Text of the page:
Libya fell with the assassination of Muammar Gaddafi (Hillary Clinton: “We came, we saw, he died”), but the Assad government in Syria has held on for almost three years, and was prevailing in its battle against the U.S./Saudi/Qatari-backed jihadists. The 2011 game plan was coming undone. This summer in Egypt, where the West’s nightmare of eviction from the entire Mideast began two and a half years ago, the military seized total power and went on a killing spree against the Muslim Brotherhood, exponentially complicating the U.S. regional jihadist strategy. General Abdel Fattah el-Sisi’s government, which is carrying out a ghastly pogrom against its own Islamists, opposes the U.S. strike against Syria and tells its followers that the U.S. might turn against the Egyptian military regime, next. (This, despite massive infusions of cash from the Arab monarchs to the military government.) Both sides in Egypt’s divided society now accuse the other of being allied with Enemy Number One: the U.S. The crisis that Washington hoped to get ahead of, with the attack on Libya, had metastasized. Egypt was wholly unmanageable, and Syria was defeating Washington’s jihadists.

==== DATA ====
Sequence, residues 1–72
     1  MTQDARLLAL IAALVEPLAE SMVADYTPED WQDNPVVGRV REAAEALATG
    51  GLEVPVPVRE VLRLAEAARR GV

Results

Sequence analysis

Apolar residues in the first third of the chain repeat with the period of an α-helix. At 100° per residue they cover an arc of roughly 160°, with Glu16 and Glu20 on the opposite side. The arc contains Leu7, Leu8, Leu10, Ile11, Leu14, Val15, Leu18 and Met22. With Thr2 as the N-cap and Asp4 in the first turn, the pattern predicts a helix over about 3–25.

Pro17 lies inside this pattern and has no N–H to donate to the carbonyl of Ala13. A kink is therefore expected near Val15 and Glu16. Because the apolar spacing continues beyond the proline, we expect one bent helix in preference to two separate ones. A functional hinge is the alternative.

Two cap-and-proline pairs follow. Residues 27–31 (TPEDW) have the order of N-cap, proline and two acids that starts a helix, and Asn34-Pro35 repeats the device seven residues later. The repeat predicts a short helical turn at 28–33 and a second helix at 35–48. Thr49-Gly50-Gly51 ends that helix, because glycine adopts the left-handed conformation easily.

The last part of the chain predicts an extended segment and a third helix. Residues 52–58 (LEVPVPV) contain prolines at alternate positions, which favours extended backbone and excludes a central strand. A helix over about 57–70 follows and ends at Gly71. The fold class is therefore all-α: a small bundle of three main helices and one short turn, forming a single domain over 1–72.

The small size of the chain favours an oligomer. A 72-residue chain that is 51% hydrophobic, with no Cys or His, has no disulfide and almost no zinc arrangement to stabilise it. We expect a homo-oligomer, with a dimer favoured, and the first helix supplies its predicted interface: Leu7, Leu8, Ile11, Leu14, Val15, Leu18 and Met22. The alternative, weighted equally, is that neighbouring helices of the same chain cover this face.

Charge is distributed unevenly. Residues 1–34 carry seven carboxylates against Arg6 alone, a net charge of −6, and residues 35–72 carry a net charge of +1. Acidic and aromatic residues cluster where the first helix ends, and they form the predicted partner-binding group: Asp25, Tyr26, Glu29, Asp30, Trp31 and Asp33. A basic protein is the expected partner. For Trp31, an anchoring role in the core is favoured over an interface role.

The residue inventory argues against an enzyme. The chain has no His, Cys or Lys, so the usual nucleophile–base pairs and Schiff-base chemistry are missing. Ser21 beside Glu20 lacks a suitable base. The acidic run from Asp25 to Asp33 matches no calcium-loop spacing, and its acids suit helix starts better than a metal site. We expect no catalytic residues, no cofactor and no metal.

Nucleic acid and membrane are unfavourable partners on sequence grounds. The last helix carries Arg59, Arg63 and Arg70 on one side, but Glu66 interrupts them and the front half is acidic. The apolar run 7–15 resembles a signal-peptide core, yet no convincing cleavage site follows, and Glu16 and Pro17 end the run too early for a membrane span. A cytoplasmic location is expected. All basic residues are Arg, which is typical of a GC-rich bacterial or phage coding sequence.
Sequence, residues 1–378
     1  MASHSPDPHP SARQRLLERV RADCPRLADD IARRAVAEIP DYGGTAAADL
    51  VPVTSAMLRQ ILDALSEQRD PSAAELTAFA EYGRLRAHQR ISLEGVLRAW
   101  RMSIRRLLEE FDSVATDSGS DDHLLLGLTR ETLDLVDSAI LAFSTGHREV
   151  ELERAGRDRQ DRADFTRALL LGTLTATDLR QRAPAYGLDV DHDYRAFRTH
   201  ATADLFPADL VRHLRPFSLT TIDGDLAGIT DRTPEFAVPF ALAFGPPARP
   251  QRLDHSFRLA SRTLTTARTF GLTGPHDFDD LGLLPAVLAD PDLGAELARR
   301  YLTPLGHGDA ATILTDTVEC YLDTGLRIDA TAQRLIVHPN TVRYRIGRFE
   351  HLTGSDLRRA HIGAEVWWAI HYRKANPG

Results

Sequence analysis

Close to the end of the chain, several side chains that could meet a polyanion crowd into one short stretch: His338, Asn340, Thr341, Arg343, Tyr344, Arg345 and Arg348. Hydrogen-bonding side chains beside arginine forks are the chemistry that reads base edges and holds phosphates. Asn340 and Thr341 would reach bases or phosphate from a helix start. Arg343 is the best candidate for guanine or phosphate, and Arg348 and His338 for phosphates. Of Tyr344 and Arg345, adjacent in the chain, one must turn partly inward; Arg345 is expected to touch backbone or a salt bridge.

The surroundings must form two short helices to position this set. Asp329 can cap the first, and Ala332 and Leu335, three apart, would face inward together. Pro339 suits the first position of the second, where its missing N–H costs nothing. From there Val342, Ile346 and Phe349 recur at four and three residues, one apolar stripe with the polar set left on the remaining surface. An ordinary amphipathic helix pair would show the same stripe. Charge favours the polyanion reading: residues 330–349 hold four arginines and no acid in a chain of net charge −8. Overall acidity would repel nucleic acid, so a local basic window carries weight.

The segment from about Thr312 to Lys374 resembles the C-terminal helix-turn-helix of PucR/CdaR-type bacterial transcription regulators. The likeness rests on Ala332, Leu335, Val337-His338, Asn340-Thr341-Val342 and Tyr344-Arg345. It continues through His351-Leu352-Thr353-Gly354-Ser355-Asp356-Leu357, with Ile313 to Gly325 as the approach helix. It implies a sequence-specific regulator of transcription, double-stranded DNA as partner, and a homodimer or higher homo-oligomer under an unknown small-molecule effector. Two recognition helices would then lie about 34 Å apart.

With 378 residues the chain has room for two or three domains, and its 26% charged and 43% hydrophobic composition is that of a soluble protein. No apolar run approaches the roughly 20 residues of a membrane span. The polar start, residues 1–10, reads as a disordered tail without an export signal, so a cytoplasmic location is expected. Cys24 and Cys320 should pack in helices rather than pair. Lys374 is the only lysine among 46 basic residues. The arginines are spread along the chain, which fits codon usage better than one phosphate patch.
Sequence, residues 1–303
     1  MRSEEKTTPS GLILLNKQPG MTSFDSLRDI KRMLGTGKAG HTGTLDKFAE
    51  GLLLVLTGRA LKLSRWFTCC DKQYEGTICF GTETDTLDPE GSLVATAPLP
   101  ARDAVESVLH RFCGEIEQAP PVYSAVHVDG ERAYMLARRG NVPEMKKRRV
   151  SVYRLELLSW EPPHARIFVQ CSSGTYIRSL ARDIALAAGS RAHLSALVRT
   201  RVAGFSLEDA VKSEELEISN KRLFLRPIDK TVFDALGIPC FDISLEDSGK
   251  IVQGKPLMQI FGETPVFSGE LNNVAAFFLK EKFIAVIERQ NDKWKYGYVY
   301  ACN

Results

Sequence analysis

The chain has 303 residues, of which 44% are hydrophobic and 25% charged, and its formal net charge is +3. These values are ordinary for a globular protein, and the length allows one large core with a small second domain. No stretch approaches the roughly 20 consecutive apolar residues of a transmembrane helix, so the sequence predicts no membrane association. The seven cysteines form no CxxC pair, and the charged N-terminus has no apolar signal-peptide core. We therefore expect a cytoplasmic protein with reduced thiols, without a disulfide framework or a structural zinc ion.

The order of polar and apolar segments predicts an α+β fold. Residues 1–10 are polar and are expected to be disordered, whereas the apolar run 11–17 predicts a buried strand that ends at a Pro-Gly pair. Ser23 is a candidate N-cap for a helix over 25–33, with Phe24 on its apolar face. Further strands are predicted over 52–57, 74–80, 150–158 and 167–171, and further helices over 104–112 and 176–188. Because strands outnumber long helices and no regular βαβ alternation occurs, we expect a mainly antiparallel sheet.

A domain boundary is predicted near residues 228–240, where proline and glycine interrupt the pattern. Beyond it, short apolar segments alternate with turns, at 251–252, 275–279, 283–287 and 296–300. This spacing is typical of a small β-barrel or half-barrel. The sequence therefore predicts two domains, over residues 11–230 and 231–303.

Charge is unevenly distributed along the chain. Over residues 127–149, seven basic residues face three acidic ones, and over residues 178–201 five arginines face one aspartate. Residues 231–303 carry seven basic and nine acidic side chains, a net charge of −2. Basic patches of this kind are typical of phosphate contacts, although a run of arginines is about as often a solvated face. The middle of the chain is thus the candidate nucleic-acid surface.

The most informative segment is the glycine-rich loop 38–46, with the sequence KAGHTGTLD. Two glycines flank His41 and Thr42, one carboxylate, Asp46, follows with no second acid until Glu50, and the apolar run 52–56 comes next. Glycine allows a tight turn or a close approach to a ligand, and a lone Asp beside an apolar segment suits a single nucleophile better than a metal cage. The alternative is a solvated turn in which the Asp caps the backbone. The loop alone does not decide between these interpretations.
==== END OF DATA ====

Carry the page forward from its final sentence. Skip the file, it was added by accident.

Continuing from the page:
Thus, the transparent frame-up of Assad, with direct U.S. participation. It was a panicky move, with the fate of the Empire at stake. Mistakes in execution were surely made, and will come to light – which is why U.S. intelligence agencies hedge their accusations against Assad, leaving room to construct alternative scenarios as the original fable falls apart under the weight of facts and logic.
Obama may well get permission from the U.S. Congress to smash the Syrian state. The president reserves the right to launch the attack, unilaterally, and will not be punished if he does so. It is quite possible that Assad will soon be dead, and Al-Nusra jihadists will be cutting off heads in what’s left of central Damascus. But one thing is certain: the U.S. has no long term allies among the Arab people – certainly not the jihadists, who will also turn on their royal paymasters at the first opportunity. The game board cannot be reset – not for long – and, at some point in the not too distant future, the U.S. will be ejected from much of the Arab world.
Obama lays down his red line because – as in 2011 – he has no other options. It has been a twisted “Arab Spring” – but, for U.S. imperialism, it is winter in Arabia.
BAR executive editor Glen Ford can be contacted at [email protected].